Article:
On the Road

So it’s official. By about ten minutes. I’m thirty-one.

I’ve been working and travelling and writing and really don’t have time for a birthday.

Actually that’s probably just an excuse.

Truth is birthdays are becoming somewhat rote. Rather insignificant.

My twenty-first, ten years ago, that was something. Rang it in at Monty’s in Westwood overlooking the diamond studded hills of Bel Air. Came home and got sick off the side of the bed and passed out. When my friends called in the morning to pick me up to go to Big Bear I discovered, unfortunately, once I put the receiver to my ear, that my phone received the brunt of my vomit.

Tomorrow the wife and I are going to celebrate by getting a steak at Billingsley’s.

Looking back birthdays are good for one thing and that’s to mark the highway of your life with road signs. Five years ago I was in Boston with a bunch of friends, at Bukowski’s, a noisy hipster bar overlooking the Pike. I bought a pair of pants and a western shirt earlier that day at the Urban Outfitters on Newbury Street, special for the occasion. Four years ago I celebrated it in Denver, while filling in as a dogsitter for my father’s girlfriend, at the PS Lounge on Colfax Blvd. with my brother-in-law.

And three years ago I was in Big Bear again with my girlfriend. Amid a chance snowfall, the romantic crackling of the fire, and the rosy glow of cabernet, I proposed to her and she became my fiancee.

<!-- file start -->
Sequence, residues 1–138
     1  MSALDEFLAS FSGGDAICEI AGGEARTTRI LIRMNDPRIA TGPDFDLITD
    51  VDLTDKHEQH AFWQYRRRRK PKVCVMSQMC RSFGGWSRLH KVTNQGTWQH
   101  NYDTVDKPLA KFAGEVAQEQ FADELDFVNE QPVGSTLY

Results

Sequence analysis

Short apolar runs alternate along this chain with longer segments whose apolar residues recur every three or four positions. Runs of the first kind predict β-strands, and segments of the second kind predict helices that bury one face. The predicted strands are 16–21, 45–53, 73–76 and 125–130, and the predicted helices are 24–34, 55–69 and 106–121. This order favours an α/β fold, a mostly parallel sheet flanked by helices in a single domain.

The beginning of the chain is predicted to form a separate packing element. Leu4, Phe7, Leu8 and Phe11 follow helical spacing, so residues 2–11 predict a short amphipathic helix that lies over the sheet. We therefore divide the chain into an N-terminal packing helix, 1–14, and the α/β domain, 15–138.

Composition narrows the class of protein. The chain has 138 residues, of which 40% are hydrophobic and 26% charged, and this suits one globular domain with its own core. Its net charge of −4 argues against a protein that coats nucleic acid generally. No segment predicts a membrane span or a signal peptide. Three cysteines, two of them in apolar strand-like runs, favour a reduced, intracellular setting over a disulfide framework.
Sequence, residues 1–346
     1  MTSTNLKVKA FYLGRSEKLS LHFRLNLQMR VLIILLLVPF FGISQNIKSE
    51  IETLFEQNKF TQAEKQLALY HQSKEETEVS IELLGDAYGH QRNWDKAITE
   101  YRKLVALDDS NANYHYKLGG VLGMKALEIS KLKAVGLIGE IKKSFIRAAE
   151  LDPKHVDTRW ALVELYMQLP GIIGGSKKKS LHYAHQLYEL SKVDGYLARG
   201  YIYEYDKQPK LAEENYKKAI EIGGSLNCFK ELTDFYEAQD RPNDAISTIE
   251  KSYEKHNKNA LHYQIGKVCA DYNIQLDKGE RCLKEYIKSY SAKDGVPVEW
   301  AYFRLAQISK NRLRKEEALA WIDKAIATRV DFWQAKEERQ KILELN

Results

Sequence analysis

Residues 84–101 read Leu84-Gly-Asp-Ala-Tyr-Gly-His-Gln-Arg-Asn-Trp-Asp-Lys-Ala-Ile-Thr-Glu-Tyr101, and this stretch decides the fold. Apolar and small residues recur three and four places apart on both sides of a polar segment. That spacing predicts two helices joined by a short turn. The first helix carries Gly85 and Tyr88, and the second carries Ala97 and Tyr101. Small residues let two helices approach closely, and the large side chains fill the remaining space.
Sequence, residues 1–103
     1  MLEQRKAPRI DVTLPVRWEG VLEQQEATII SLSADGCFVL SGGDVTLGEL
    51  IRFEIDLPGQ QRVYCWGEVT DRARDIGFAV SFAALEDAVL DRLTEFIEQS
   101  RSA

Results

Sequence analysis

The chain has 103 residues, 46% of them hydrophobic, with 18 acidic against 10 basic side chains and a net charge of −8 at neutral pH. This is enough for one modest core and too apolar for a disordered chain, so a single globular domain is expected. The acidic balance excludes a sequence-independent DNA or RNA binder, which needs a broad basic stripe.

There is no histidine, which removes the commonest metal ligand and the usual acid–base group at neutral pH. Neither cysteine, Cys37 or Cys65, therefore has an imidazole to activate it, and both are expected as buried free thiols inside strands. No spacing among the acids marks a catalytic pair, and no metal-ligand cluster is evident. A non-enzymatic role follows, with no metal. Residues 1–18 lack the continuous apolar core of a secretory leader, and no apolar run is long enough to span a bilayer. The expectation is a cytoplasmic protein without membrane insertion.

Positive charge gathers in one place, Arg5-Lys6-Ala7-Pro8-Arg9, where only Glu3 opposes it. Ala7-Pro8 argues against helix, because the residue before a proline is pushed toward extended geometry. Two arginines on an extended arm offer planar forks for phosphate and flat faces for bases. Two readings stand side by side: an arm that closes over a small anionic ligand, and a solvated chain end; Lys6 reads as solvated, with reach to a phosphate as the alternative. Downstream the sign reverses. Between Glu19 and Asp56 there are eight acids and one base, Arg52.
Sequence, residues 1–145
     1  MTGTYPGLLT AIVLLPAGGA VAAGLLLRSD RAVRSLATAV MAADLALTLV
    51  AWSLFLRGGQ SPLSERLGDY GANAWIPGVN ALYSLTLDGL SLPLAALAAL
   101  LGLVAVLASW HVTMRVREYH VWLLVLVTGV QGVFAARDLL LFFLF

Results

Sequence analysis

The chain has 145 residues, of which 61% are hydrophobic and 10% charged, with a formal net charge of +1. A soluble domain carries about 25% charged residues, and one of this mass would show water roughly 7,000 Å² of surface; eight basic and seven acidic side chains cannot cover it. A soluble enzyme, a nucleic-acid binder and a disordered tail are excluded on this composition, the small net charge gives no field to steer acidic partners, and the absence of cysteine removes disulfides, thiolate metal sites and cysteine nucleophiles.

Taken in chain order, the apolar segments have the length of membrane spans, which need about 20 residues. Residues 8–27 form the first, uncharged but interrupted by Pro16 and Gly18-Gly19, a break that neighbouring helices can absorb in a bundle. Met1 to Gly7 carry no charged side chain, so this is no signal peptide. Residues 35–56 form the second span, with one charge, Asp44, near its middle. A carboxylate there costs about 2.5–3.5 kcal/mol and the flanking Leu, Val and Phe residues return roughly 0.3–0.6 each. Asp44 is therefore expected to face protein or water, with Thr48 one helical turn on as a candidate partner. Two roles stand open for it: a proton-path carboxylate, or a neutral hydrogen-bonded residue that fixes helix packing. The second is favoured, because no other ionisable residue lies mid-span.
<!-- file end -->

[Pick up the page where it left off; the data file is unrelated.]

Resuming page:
Back in good old 97, for my twenty-first, a dozen of my closest friends and I jammed into a cabin in Big Bear and drank a fridgefull of booze like fricken cavemen.

Apologies to these guys.

But we still managed to hit the slopes that Saturday all wobbly and crass, loud and making a scene. I remember launching jumps, and in midair feeling my stomach move and slosh. We managed to get in eight hours of boarding through sheer insanity and will.

This weekend I’m headed up to Mammoth. I won’t drink half as much as a decade ago but it’s not for lack of trying, I just don’t have the gills for it anymore and I haven’t been on a snowboard since 99. I hate to imagine the result.

It’s supposed to snow all weekend.

That’s all I could ask for. I’m a happy man. I don’t care if I fall down the whole mountain and ache like I just finished playing the Super Bowl without pads. It’s going to be great.

The longer I live the more simple my contentments become. It’s not that you lose your dreams, your exuberance, your passion; it’s just that you find them in smaller, warmer, cozier places.

I still get a touch of teenage angst every now and then, writer’s ennui, mysteriously… out of the blue, but it passes quickly. Just enough to keep me on my toes, help me feel young.

Overall, these days, I’m easily pleased. I’m happy with a good steak, a glass of wine, and a Naugahyde booth.

That right there is something to celebrate.



9 thoughts on “On the Road

  1. I didn’t know how turning 30 would go but I decided I was going to try and make it my best year ever. I guess that’s the biggest thing about getting older, Life seems to be a lot more about what you make it rather then react to it. I couldn’t be happier that we’ve gone through so much of it together. Happy b-day Matt and stop lying about cutting back on the drinking

  2. dreams, exuberance, passion in smaller, warmer, cozier places? hope i still fit.
    happy birthday, bro. your not old. please tell me 31 isn’t old?!

  3. You said it. There’s a piece of loose verse by an Indian poet, K Satchidanandan:

    ” When I was thirty, I told you that all those who are forty should be shot dead. Now that I am forty, please don’t shoot me. Let me live as an example on how not to live.”

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